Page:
Andrea Giammarchi presents different asynchronous patterns and best practices for the Web, the server, and the embedded IoT platforms.
Anil Madhavapeddy explains how the OCaml module system enables the construction of a large scale OS software, and also the resulting portability benefits.
Adrian Cockcroft summarizes the differences and commonalities across some of the largest microservices deployments in production, showing how they are evolving.
Ross Dawson keynotes on innovation, the driving forces and factors catalyzing innovation in today’s rapidly evolving technological and social landscape.
Piotr Kołaczkowski discusses how they integrated Spark with Cassandra, how it was done, how it works in practice and why it is better than using a Hadoop intermediate layer.
Bret Victor suggests how each of the human activities in which thought is externalized (conversing, presenting, reading, writing, etc) can be redesigned for a dynamic medium.
The panelists hold an open discussion about the do’s and don’t’s of microservices, answering questions from the audience.
Hannah Tometzki shares advice from experience on going through the hurdles of project design - customers dragging their feet, rekindling waning enthusiasm and handling distractions.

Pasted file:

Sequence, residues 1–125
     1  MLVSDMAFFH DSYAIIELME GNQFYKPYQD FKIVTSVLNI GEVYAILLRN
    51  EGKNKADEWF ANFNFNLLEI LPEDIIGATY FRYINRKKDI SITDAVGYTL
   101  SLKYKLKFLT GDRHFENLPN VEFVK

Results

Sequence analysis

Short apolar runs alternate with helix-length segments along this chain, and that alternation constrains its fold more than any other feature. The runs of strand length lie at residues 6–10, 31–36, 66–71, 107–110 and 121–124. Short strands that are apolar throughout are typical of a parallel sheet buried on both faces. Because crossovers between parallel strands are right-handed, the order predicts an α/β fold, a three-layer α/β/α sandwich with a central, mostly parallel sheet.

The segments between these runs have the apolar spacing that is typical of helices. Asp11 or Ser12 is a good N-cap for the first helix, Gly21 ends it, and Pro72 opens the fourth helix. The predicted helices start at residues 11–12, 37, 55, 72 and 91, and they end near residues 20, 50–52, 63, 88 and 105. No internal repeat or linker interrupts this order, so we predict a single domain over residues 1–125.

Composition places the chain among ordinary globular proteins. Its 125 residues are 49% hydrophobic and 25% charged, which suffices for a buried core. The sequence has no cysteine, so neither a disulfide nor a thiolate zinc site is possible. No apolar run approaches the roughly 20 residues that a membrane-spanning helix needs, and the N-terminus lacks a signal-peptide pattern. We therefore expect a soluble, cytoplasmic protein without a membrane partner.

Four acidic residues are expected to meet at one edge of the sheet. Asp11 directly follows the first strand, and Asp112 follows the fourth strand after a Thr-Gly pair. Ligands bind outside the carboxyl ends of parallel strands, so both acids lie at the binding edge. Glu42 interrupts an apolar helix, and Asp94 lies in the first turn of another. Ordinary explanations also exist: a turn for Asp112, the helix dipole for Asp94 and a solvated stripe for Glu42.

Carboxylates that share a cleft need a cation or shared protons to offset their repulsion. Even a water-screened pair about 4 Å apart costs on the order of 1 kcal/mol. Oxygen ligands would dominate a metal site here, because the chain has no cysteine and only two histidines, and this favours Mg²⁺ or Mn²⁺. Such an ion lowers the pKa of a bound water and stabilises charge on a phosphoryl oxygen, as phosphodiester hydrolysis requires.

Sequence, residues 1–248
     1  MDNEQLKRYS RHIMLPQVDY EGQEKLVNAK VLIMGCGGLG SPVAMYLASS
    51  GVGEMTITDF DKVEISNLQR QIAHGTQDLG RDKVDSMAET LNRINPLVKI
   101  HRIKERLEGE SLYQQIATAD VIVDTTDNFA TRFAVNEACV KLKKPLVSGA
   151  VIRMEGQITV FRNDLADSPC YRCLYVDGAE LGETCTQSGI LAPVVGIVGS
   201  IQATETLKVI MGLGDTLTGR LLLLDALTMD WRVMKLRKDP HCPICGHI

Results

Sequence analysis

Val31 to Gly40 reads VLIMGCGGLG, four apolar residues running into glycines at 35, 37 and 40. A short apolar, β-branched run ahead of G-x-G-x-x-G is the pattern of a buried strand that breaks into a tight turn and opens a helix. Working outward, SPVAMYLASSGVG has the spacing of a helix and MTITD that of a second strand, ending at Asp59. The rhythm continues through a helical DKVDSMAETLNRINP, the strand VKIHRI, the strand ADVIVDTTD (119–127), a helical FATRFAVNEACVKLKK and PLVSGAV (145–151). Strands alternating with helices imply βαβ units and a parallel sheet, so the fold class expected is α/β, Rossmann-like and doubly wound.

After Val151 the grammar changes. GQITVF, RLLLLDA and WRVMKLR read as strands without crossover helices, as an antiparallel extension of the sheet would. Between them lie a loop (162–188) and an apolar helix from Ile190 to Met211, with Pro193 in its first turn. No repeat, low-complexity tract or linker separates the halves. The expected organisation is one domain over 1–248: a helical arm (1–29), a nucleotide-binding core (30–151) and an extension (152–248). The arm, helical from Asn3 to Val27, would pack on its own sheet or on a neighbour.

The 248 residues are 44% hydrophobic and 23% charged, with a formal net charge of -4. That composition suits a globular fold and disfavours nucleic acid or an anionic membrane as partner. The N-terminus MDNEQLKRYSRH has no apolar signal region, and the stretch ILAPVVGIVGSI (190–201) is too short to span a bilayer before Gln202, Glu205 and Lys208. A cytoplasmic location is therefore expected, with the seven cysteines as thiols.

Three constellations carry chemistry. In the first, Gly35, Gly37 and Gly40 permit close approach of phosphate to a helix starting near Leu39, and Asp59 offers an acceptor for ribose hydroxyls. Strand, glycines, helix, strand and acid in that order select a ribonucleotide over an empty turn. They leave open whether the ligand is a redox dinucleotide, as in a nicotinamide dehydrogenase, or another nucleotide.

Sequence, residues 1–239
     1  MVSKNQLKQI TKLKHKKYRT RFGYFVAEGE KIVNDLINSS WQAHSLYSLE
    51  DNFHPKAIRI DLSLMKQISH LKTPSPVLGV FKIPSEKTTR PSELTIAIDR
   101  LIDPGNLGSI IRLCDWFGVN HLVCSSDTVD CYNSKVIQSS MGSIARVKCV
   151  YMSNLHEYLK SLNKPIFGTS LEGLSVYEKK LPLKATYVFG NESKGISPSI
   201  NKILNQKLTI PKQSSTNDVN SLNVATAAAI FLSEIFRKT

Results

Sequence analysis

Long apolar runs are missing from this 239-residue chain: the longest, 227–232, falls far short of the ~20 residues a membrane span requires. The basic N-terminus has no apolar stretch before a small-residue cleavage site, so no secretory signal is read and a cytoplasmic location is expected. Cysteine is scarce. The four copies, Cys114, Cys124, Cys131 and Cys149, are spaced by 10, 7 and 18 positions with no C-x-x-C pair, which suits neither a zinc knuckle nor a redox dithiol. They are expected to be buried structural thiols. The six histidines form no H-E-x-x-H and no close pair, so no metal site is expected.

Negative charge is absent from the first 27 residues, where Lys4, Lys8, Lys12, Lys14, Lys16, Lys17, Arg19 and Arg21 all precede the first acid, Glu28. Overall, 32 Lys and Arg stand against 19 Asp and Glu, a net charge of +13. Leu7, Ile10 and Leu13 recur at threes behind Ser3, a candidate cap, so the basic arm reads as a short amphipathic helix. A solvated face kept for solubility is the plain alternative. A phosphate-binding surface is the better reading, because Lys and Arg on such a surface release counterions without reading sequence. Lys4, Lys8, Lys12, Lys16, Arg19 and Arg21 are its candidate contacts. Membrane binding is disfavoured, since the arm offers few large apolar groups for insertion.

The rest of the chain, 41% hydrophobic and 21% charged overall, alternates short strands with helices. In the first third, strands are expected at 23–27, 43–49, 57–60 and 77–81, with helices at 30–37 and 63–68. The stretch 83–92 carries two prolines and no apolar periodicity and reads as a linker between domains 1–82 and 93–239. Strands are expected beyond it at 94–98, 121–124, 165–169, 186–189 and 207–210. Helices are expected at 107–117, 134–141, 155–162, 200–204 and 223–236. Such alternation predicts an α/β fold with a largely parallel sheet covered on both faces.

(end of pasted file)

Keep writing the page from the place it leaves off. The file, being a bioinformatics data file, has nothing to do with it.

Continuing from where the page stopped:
Chris Richardson shares his experiences developing and deploying a microservices-based application.
Rachel Andrews takes a look at how front-end development has changed over the last few years, and the issues those changes have created.
Pieter Hintjens presents a decade of research and practice in designing protocols using cheap experimentation, exploring of new avenues, and smooth accumulation of gradual change, driven by real use.
Justin Mclean introduces the Open Source Hardware, its communication protocols (RF, ZigBee, WiFi, Bluetooth) and the software/API layer (HTTP, WebSockets, Can Bus, COAPI and MQTT) used.